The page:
NFLHe captioned this Facebook update with: “I must say, this Houston Texans logo is quite groundbreaking. I have no idea what inspired them to create such an out-there design.”

Sometimes social media’s biggest reward is a smart observation or witty bon mot. You know, just like you might overhear in some other social situation.

Because engagement strategies notwithstanding, with Facebook, Twitter, Vimeo, Instagram, it’s always social first.

Good one Alan…

 

By Dennis Ryan, CCO, Olson

 

Don’t Like Instagram’s New Terms of Service? Wait Sixteen Hours.

Oh Mark Zuckerberg, when will you learn?

Instagram started this week by quietly making two major shifts in their terms of service. For one, they claimed ownership over every image their users post, enabling them to sell those images without compensation or notification, even as they simultaneously absolved themselves of any class action liability. Oh, and they offered no opt out.

This is lousy. Kind of heinous even. The fact that they tried to slip it through with a blog post that made no mention of these specific changes demonstrates a corporate oiliness we’ve grown to expect from Facebook-owned entities. Still, blatant chutzpah notwithstanding, you have to admire how quickly and cheaply they crowdsourced the world’s biggest stock photo library…

Dennis Ryan, Advertising, OlsonBut as should be expected in a medium that trades on information, the web noticed, word spread and within hours, a massive backlash mushroomed. Predictably, Instagram seemed to reverse course by mid-day Tuesday. This rhebus outlines the action; first the company announces, then the web revolts, then the company recants, claiming to be misunderstood with a PR spin absolutely no one believes.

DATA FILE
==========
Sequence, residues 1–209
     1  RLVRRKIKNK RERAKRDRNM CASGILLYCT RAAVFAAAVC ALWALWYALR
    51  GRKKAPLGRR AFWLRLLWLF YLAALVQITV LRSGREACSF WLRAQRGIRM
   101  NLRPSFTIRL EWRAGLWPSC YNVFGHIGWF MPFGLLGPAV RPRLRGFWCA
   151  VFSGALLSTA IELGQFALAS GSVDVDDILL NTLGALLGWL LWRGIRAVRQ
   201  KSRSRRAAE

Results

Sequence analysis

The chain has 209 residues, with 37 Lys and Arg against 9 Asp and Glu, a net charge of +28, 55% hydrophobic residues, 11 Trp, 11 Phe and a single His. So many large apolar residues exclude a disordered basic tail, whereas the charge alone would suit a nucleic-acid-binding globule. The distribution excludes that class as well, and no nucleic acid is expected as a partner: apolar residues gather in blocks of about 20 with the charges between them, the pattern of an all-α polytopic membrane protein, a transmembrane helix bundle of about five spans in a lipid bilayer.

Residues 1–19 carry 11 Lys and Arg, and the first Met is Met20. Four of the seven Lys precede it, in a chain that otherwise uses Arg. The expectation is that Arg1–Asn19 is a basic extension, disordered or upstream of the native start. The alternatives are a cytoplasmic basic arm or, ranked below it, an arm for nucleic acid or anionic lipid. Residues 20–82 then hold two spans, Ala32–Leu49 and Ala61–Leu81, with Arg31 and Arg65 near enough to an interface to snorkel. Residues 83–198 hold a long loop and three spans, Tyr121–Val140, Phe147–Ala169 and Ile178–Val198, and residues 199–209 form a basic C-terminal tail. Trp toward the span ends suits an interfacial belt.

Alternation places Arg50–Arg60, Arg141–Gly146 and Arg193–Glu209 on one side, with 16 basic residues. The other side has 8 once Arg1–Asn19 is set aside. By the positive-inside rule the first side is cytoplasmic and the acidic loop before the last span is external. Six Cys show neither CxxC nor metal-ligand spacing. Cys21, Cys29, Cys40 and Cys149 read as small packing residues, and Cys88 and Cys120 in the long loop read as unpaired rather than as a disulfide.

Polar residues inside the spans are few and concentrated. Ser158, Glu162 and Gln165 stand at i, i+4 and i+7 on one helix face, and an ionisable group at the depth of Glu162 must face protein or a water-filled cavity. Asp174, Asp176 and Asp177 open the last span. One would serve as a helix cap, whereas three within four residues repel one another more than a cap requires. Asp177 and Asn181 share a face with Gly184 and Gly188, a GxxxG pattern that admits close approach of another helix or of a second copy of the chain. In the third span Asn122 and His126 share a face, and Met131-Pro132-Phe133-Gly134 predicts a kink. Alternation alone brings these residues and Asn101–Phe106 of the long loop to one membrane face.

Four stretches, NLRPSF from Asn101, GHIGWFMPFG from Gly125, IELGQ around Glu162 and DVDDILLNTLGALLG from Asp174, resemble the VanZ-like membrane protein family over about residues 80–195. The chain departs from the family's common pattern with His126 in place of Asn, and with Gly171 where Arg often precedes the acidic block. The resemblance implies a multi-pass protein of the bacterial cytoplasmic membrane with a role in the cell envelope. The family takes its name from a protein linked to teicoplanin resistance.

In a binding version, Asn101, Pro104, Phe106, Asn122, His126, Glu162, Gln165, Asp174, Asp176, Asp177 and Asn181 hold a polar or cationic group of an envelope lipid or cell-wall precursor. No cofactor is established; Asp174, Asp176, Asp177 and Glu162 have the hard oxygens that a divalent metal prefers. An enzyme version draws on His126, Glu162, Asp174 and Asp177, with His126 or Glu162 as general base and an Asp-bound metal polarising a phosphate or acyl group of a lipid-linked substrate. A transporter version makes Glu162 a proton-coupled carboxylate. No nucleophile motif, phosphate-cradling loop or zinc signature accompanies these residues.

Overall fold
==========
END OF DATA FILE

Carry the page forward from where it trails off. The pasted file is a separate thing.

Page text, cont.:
We should be used to this kind of end around from any Facebook-owned entity. It’s not like this is new behavior from Mr. Z; it’s almost like he can’t stop himself from imperiously disrespecting the people who use his services. How many times has he tried to sneak through surreptitious changes to Facebook’s privacy policies?

But all’s better now, right? Actually, not so fast. First, their CEO simply claimed “it’s not our intention to sell your photos”–which is hardly legally binding. Instagram’s new terms of service remain–this is just damage control.

They also haven’t recanted the second shift in their terms of service; namely that “…we may not always identify paid services, sponsored content, or commercial communications as such.” In other words, that cool photo you see on your home page? That might actually be paid content, or what old people call ‘ads.’

The web runs on sponsored content, and we accept that. But on reputable sites, it’s identified, helping those sites maintain both credibility and an ethical balance with visitors. With this policy, Instagram is intentionally creating a gray area and you can almost hear them daring their users; “go on, see if you can tell what’s organic and what we’ve placed there.”

Hmmm…  I’m no dotcom billionaire, but it seems to me, the web community just proved they’re pretty good at that.

So long Instagram, it was a fun two years.

By Dennis Ryan, CCO, Olson

 

PS: Thanks Devin Bousquet, for the awesome profile picture.